I bet you’d love NodeJS — Part 2

This series of articles are written as notes and help for participants of the workshop that will be held in OKE Software in Gdańsk Poland. It is by no means a comprehensive guide to the NodeJS technology itself.

Before I started writing this series of articles, I asked my friends/coworkers about the concepts that they would like to read. One of the concepts that were popping most often was the information about how does Node engine actually works in terms of asynchronicity.

Let’s start with an example. In example/async.js write a simple piece of code:

We are using setTimeout function. This function isn’t actually in the core of the JS. It is provided by the WebAPI (in the browser) or NodeAPI. It enables us to provide a function (first parameter) that should be executed after given amount of milliseconds (second parameter). Since we are passing the second argument equal to zero, our intuition might prompt us that the order of the execution should be:


If we actually run it, we get:

Not what we expected, isn’t it?

Yeah. To wrap our head around it, we must actually explain few concepts:

Call stack — is a structure holding the trace of all the calls between the functions in our program. The function is added to the top of the stack when it is called and removed from it when it returns. If we write example like this ( example/trace.js ):

We can clearly see the trace for given place in our code using console.trace :

We see that calling console.trace from getMeANumber is showing the path of calls from function to function to this exact place. Also we don’t see getMeANumber on the stack with trace from thisIsTheLastFunctionOnStack as the getMeANumber function already finished its execution by the time we call thisIsTheLastFunctionOnStack.

Here’s another example to help you illustrate the idea:


And the actual video it was taken from:

That was rather simple, but to fully understand how does Node handles async code we must introduce Event Loop and Callback Queue .

And then we can create example/request.js :

One thing that we have to keep in mind is that JavaScript is single threaded, meaning that call stack can run just one thing at the time. If we run this example we’ll get:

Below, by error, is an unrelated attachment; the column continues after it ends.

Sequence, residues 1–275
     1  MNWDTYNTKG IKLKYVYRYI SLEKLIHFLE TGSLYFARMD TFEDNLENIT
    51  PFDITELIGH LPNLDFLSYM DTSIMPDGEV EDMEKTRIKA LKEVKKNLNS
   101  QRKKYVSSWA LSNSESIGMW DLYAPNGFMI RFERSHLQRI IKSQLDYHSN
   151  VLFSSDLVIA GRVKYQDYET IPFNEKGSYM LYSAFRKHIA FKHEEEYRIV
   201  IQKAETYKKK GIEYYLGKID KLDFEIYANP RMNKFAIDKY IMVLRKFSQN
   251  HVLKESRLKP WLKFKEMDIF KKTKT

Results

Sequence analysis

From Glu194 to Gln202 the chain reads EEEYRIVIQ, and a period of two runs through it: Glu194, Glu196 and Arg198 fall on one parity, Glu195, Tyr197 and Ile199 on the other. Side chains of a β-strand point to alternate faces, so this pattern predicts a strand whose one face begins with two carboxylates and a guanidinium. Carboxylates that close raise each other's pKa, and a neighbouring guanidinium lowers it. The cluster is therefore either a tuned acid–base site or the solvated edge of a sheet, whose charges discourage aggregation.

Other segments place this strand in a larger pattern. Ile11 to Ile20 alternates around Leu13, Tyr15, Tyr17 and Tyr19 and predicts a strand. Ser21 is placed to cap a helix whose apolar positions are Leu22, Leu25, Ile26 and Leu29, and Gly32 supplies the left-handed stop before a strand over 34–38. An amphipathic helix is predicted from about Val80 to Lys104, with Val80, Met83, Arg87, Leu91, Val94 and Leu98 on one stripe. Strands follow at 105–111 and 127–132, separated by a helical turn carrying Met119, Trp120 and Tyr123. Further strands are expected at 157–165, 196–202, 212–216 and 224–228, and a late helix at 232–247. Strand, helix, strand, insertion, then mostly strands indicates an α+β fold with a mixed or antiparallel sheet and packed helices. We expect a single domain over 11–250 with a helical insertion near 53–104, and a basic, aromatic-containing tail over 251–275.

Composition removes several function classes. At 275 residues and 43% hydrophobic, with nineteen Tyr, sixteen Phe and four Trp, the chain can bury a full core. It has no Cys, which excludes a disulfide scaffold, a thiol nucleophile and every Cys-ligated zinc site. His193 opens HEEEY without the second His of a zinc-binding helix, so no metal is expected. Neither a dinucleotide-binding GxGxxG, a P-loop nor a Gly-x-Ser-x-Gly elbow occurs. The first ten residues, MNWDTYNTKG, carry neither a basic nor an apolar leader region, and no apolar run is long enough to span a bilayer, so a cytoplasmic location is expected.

Let me walk you through what actually happens. This is the state of our app as we run it:

The JS doesn’t really have the concept of themain function, but for demonstration purposes let’s use that name to show the execution of our app.

First, we run the console.log('This is the very start') it gets on the call stack, gets executed and immediately goes away:

Next, we call setTimeout, which comes from Node API. Calling it will register the event callback in NodeAPI. It will wait two seconds until the callback execution:

After registering the callback setTimeout statement finishes and gets thrown off the stack. Then the registered event starts counting down. While it does the call stack can continue:

Next, we use request library to perform an AJAX call:

By its nature we don’t know when it finishes, so we register a callback function (second parameter) to get information about the response from the API that we sent the request to. Of course, after the registration the request call gets removed from the call stack:

What happens next depends on whether the request comes back first or 2 seconds passes first. As we saw in our example the http GET call was finished first. The callback doesn’t fire right away even after given time passes or event (response getting back to us from server) occurs. It gets pushed to Callback Queue :

request callback pushed to callback queue

The thing is the functions in a callback queue can be executed ONLY if call stack is empty and they execute one at the time. The event loop is actually the mechanism that manages the synchronization between call stack and callback queue. It checks whether there’s nothing going on in the call stack and only if it’s empty it will take first callback from the queue and execute it. For now, let’s assume that the main hasn’t finished yet and it still needs to execute the second console.log. Therefore event loop can’t do anything since call stack isn’t empty yet:

But after console.log gets executed the main flow ends and call stack is empty:

Empty call stack after the execution of last console.log

This is the signal for event loop to actually start executing the callbacks from the queue:

Moving the first callback to the call stack

After first callback executes there’s nothing in callback queue and nothing in call stack:

But we still have one callback registered and counting down, so the Node process won’t finish. When the counting down finishes second callback will move to callback queue:

Second callback in the callback queue

Event loop will see that call stack is empty and the callback can be moved to call stack for execution:

Of course, if our request had taken longer than two seconds the timeout callback would get executed as first.

Async Patterns in JS

With callback queue explained we can move to discuss the ways that we can perform asynchronous tasks in JavaScript. The most trivial and the easiest approach is to use callbacks. We’ve seen it already above, but let us take another look at it. To illustrate this example I will use open API that can be found here:

It’s an API with Chuck Norris jokes. They never grow old.

As you can see callback is just a function passed into another function that should be executed somewhere during the first function execution. From my personal experience, this is the worst possible case of handling async code. Why?

  • Because you lose control of the execution. The function that gets the callback isn’t really bound to call it: